Can testicular cancer affect fertility?

Estimated reading time: 2 minutes

By Jason Howland

It's a common concern among men who are diagnosed with testicular cancer. Will I be able to have children in the future?

So what are the effects of testicular cancer and its treatment on fertility?

Watch this "Mayo Clinic Minute" video to hear Bradley Leibovich, M.D., a Mayo Clinic urologic oncologist, discuss how fertility concerns are addressed when planning testicular cancer treatment:

"When we first evaluate men with a new suspected testicular cancer, we do talk about fertility," says Dr. Leibovich. "Can I still have kids?" is one of the top questions he hears.

"Men with testicular cancer have fertility concerns because the testicular cancer itself can impact fertility and our treatments can impact fertility. So the first thing we do with men that are interested in preserving fertility is talk about sperm banking," says Dr. Leibovich.

One side effect of surgery, chemotherapy, radiation and other cancer treatments can be infertility, which is why it's important for men who still want to have children after their cancer is cured to save their sperm before they start treatment.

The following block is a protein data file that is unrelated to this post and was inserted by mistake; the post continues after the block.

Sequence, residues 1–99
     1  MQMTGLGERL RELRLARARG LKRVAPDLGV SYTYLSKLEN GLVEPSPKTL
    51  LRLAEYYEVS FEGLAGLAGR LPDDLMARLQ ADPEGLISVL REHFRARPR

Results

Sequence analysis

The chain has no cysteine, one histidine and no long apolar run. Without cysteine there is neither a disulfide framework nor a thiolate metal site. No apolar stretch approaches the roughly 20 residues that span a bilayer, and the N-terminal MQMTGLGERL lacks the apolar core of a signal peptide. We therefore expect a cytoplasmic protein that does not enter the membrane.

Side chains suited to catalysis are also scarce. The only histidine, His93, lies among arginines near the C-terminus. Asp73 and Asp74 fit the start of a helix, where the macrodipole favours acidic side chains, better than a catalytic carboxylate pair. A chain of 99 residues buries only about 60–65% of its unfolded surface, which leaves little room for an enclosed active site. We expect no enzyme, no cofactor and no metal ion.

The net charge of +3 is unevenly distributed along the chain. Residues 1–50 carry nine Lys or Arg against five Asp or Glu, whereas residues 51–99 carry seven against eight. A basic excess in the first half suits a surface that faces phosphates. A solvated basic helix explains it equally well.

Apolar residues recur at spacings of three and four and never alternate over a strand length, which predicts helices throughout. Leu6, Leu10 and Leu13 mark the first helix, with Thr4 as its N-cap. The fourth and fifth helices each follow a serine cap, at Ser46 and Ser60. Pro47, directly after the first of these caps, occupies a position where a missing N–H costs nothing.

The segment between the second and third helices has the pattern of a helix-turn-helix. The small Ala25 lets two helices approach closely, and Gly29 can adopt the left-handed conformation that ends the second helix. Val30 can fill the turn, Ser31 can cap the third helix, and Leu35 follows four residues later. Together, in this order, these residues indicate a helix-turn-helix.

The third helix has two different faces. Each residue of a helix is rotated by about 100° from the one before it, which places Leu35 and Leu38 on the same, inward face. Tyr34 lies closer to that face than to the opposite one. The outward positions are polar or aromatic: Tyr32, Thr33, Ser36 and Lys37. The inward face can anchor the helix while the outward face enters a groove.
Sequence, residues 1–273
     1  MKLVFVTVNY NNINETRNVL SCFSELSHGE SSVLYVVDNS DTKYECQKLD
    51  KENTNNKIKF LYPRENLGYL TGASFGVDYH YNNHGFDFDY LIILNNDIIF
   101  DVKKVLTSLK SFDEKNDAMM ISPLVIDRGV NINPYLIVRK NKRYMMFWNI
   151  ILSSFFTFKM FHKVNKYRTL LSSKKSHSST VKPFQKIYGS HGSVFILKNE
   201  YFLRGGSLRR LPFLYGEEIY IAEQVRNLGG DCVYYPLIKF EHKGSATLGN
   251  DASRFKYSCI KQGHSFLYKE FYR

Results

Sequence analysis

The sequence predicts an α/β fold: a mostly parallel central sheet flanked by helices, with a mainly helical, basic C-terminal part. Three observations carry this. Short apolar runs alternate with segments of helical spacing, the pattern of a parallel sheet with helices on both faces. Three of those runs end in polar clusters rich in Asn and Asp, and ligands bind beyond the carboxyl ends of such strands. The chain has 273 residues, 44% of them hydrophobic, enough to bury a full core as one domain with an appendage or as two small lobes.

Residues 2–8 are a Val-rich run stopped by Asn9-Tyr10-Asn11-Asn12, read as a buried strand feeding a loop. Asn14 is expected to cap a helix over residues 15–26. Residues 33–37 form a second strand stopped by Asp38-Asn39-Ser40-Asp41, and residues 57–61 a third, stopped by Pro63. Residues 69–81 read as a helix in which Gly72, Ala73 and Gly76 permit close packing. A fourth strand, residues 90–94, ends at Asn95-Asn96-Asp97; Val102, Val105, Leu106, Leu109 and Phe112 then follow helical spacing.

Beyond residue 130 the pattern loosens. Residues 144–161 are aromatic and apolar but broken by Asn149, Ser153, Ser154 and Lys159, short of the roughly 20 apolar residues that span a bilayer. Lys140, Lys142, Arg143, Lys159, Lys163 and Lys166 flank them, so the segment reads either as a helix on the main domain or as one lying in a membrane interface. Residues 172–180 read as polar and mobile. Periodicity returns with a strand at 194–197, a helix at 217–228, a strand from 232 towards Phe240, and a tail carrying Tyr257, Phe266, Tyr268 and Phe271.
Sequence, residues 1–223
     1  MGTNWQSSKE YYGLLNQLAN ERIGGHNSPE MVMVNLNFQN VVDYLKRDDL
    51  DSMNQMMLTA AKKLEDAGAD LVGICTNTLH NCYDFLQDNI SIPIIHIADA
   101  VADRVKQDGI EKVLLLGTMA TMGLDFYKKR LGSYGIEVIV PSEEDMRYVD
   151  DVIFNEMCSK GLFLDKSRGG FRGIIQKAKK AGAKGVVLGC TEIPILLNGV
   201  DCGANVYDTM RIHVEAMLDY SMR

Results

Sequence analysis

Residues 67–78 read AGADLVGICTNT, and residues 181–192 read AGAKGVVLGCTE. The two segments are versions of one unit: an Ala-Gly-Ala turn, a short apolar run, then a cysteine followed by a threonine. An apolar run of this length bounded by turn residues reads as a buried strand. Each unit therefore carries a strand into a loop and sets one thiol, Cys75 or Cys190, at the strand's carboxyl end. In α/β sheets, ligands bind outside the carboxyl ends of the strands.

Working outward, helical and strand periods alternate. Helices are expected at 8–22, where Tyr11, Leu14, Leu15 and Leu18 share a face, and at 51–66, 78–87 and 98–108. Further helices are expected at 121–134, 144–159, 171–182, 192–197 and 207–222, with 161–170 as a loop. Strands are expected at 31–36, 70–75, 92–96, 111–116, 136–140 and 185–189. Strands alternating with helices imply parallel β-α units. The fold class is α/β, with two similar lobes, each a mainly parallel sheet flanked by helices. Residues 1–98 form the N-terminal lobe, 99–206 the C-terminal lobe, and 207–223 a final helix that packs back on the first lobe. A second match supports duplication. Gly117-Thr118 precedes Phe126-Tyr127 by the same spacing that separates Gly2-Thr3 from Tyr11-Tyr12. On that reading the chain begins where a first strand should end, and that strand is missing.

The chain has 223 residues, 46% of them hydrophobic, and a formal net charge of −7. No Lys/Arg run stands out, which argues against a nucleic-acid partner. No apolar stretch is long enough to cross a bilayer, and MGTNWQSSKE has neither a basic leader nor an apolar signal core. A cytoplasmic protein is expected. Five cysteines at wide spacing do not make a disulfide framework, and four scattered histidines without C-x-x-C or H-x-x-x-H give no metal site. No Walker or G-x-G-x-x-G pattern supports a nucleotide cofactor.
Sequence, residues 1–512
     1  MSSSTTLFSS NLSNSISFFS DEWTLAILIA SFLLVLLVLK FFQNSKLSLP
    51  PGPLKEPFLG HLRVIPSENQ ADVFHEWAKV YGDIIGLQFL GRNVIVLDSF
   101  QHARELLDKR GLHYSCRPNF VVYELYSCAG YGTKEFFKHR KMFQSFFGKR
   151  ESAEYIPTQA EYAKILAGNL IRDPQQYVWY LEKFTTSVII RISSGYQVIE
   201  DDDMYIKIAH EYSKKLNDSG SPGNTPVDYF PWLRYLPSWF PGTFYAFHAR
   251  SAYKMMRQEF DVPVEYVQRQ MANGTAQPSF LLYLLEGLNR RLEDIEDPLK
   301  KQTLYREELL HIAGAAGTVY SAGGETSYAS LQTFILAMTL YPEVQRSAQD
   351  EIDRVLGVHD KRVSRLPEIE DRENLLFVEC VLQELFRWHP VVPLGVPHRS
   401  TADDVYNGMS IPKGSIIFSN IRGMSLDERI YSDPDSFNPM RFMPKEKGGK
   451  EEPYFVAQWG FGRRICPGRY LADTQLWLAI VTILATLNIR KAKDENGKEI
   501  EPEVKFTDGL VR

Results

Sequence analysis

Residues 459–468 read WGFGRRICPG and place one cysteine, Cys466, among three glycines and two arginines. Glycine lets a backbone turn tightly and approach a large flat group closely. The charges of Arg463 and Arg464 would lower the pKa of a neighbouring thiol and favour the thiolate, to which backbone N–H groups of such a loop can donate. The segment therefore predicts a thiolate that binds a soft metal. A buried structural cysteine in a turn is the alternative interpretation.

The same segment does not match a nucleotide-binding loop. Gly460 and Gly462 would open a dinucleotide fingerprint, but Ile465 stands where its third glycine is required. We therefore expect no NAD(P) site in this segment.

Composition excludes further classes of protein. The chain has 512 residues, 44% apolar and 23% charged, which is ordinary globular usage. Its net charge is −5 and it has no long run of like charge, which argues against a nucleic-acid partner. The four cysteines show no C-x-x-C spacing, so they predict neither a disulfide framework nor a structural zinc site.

"Fertility issues we normally address up front by assuring that men sperm bank, so it's rare that's a long-term concern for men," he says.

Another concern is lower levels of testosterone, a hormone produced primarily in the testicles.

"Most men have normal testosterone levels with just one testicle. For men that do wind up with a lower level of testosterone, it's really easy to replace," says Dr. Leibovich.

Under the guidance of a healthcare professional, testosterone replacement therapy, in the form of injections, pills, patches or gels, can restore normal testosterone levels in men.

Learn more

Learn more about testicular cancer and find a clinical trial at Mayo Clinic.

Join the Adolescent and Young Adult (AYA) Cancer Support Group on Mayo Clinic Connect, an online community moderated by Mayo Clinic for patients and caregivers.

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A version of this article was originally published on the Mayo Clinic News Network.